What’s great about this recipe is that you can put everything in the slow-cooker before you go to work (or go to school, or go to the park, or whatever) and when you get back home, your house smells like someone has been cooking all day.
(I consulted some websites about how to slow-cook meat before I put this together, but this recipe is my own, so you can look forward to some alterations as the time goes by…. )
What you need:
  • 1 Tablespoon oil
  • 1 lb. buffalo stew meat, cubed
  • 1/2 white onion, sliced thin
  • 1/2 jalapeno, sliced thin
  • 2 cloves garlic, smashed
  • 1 teaspoon salt
  • 1 Tablespoon chili powder
  • 1/2 Tablespoon cumin
  • 2 cups water (or, try less…)
Shredded Buffalo tacos
What to do:
  1. Before you head out in the morning, put all this stuff in the crock-pot. First the oil, then the meat, then layer the veggies, add the spices and then add the water. 
  2. Set the slow-cooker to low and cook for 8 hours (or a couple more) while you’re at work or out for the day. 
  3. When the time’s up, take the meat and veggies out of the liquid and place on a large plate. Pour the liquid into a separate container and reserve.
  4. Using the back of a fork, smash the buffalo cubes. They should fall apart easily. If not, use two forks to shred the meat. When you’ve finished, add the meat back to the slow cooker (on warm). 
  5. Add some of the liquid back until you achieve a consistency you like. I added back about 3/4 of a cup.
  6. Season to taste. I added some more chili powder and cumin. 
  7. For tacos, place some meat on a tortilla (flour or corn), add some salsa, chopped onions, cheese (cheddar or queso fresco), your favorite salsa and a sprinkle of cilantro. 
  8. Serve with beans and rice. Or quacamole. Or margaritas. Or some delicious combination

Farm fresh eggs!

Grant Family Farm Eggs

Those of you that live in Colorado might be pleased to know that I found these eggs at Whole Foods.

These are eggs from farm chickens who actually get to wander around a pasture at Grant Family Farms, an organic CSA up in Wellington. These eggs aren’t cheap, but they sure are beautiful (it makes me wonder why we even dyed eggs this Easter) and they make delicious fried eggs… which I forgot to photograph. I was hungry.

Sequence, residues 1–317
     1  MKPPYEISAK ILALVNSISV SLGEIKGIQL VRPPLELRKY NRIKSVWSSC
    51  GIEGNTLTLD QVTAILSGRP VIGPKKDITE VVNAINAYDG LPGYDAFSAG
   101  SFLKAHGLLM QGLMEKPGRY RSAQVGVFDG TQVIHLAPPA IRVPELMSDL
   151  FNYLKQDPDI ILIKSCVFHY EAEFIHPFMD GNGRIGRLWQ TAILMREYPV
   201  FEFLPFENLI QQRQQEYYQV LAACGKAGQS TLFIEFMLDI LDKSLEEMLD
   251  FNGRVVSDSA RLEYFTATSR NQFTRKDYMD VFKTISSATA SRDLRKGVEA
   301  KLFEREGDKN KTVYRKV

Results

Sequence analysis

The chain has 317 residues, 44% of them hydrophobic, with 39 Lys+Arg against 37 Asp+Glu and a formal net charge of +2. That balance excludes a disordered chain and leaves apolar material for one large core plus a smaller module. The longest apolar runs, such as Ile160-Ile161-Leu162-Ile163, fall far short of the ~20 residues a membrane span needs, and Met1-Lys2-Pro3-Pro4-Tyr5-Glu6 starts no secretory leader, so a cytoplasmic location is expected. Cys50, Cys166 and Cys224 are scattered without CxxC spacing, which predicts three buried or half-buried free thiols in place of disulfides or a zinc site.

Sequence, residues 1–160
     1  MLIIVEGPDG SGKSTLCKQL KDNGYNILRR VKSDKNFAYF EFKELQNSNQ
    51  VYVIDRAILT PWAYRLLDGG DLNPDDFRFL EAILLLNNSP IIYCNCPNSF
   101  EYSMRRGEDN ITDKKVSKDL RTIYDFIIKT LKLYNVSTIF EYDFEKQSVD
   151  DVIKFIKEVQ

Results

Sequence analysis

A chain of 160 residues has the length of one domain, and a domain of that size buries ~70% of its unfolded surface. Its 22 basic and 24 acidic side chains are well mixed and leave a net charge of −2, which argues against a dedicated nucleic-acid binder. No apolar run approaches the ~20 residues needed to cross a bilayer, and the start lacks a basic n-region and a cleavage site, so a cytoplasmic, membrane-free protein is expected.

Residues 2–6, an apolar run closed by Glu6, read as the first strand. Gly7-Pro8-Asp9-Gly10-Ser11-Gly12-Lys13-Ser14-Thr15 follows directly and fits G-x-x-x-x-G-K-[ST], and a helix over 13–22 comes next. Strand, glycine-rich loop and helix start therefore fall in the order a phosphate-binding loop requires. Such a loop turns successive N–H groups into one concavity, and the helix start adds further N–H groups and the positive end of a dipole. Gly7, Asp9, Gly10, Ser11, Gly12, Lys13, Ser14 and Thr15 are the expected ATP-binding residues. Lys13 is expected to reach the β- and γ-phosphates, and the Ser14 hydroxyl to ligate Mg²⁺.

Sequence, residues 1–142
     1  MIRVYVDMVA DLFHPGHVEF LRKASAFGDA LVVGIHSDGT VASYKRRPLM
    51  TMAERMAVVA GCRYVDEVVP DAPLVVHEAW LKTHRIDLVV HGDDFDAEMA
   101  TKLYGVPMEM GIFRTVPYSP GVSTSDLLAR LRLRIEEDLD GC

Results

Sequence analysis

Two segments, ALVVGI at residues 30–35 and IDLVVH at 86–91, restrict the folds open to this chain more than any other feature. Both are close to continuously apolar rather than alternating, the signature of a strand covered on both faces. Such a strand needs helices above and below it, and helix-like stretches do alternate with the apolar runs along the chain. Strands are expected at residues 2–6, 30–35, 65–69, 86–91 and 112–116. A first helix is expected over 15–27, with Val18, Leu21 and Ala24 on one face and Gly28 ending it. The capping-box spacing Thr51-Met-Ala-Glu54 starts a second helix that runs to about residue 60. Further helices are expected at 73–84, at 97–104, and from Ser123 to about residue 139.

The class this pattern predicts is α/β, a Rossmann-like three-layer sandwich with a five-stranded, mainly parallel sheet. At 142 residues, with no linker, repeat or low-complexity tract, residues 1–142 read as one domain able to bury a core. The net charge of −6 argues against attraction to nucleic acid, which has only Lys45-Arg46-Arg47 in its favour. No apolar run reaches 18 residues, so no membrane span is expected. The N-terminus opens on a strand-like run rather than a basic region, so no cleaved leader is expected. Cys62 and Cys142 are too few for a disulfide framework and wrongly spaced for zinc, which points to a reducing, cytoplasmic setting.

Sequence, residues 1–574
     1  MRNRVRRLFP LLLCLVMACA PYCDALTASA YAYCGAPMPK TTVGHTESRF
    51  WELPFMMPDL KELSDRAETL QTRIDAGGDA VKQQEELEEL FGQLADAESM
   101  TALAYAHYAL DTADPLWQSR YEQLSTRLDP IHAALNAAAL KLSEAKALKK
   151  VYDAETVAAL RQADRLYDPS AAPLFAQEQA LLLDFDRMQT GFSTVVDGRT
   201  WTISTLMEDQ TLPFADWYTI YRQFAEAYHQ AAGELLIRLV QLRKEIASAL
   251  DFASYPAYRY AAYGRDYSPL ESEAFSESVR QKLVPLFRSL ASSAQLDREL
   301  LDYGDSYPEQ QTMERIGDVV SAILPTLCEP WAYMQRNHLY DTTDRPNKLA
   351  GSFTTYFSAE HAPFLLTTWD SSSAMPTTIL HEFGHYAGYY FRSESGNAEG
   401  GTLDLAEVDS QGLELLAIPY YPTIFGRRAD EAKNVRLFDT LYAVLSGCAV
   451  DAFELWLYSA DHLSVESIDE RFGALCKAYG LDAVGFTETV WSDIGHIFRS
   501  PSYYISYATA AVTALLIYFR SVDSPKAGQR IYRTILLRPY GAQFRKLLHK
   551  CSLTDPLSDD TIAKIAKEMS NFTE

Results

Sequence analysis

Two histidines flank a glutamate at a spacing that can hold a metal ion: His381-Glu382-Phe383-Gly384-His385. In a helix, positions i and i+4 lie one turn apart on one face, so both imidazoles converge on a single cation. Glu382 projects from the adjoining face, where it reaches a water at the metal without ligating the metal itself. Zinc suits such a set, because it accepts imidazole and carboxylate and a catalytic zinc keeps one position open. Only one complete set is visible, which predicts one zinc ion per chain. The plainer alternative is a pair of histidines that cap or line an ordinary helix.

Whole Wheat Pizza Dough (at high altitude)

Home-made Pizza

There are two main positions on pizza at home, in my opinion. One position is taken when you’re damn hungry, don’t have any food at home and don’t feel like cooking anyway. So, you order up some delicious melted cheese on some baked bread and enjoy. Making the pizza at home is a completely different position. Making your own dough requires about an hour to let it rise (possibly longer in lower altitude places) but the result is lovely. It tastes healthier, it can be packed with veggies, it is likely cheaper, you can be more selective about your ingredients (for instance: organic flour, veggies, sauce; part-skim mozzarella) and is kinda fun.

I found a tasty little recipe for home-made whole wheat pizza dough today from I didn’t know that website even existed, but it looks to be a good resource for vegetarian and vegan recipes. This dough came together really nicely, was easy to roll out and was also quite tasty. The only change I would suggest is that if you only make one pizza with this amount of dough, you’ll have a pretty thick crust. The Spice Raconteurs prefer something a little crunchier so I made two pizzas with this amount.  (Oh, we also didn’t have any what gluten– it turned out fine.)

For the dough, here’s what you need:

1 1/2 cups warm water
1 envelope active dry yeast (1/4 oz)
2 teaspoons sugar
2 tablespoons olive oil (separated)
1 teaspoon sea salt
2 1/2 – 3 cups whole wheat flour
1 teaspoon gluten (optional ?)
yellow cornmeal

What to do:

  1. Combine the water, yeast, sugar, gluten (or 1 T flour) and 1 tablespoon of olive oil in a large bowl. Let this sit for 5 minutes until the yeast show their vigor by making the mixture foamy on top.
  2. Add 1 1/2 cups of the flour and the salt. Mix with a spoon (it will be be pretty wet.)
  3. Add the remaining flour 1/4 cup at a time until you get a nice dough ball. Incorporate the flour as you knead until the dough ball is just barely tacky. 
  4. Slice the ball in two and then knead again to make both balls smooth. 
  5. Put the rest of the oil into two medium sized bowls and place one dough ball in each. Roll them around so they are covered with the oil. 
  6. Cover the bowls with plastic wrap and a towel and let sit for about 1- 1 1/2 hours in a warm (but not hot) place. (I turned the oven on for about 2 minutes to warm it up, turned it off and then put the dough in there.)
  7. After the dough has doubled in size, take them out and roll them out.


For the pizza*:

  • 1 can (15 oz) pizza sauce (I like Muir Glen
  • 1 chopped red pepper
  • 2 small zucchini sliced thin
  • lots of mushrooms, sliced
  • 1/2 a white onion, sliced
  • grated part-skim mozzarella
  • pepperoni
  • Parmesan cheese

What you do:

  1. Spread a little less than half the sauce on each pizza round
  2. top with all of the toppings
  3. Put in the oven for about 15 minutes at 375 degrees

* You can really use whatever you want and be creative. This is what I did tonight. Yummy.

And, we’re back!

We have been, at best, incredibly lazy with posting good food lately. But, we have been cooking and taking some photos to boot.

Here are some things to look forward to in the coming days and weeks:

No-Knead Bread

No-knead bread

Coconut Curry Red Lentils:


Moroccan Chicken with Butternut Squash and Kumquats:

Morrocan Chicken

Home-made Granola Bars:

Home made granola bars

Spanish Sopa de Ajo (Garlic Soup):

Sopa de ajo

Not quite Niciose Salad:

Nicoise Salad